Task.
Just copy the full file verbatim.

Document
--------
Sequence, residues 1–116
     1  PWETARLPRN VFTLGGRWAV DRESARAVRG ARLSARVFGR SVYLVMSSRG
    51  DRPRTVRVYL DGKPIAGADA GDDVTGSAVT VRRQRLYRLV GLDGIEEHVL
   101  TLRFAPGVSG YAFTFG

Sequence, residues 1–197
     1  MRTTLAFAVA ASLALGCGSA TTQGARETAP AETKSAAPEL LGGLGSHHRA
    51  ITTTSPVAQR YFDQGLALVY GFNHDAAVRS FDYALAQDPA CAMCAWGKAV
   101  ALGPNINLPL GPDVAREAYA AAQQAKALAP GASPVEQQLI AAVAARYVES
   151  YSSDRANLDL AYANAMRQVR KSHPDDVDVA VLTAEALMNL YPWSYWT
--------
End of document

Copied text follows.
Sequence, residues 1–116
     1  PWETARLPRN VFTLGGRWAV DRESARAVRG ARLSARVFGR SVYLVMSSRG
    51  DRPRTVRVYL DGKPIAGADA GDDVTGSAVT VRRQRLYRLV GLDGIEEHVL
   101  TLRFAPGVSG YAFTFG

Sequence, residues 1–197
     1  MRTTLAFAVA ASLALGCGSA TTQGARETAP AETKSAAPEL LGGLGSHHRA
    51  ITTTSPVAQR YFDQGLALVY GFNHDAAVRS FDYALAQDPA CAMCAWGKAV
   101  ALGPNINLPL GPDVAREAYA AAQQAKALAP GASPVEQQLI AAVAARYVES
   151  YSSDRANLDL AYANAMRQVR KSHPDDVDVA VLTAEALMNL YPWSYWT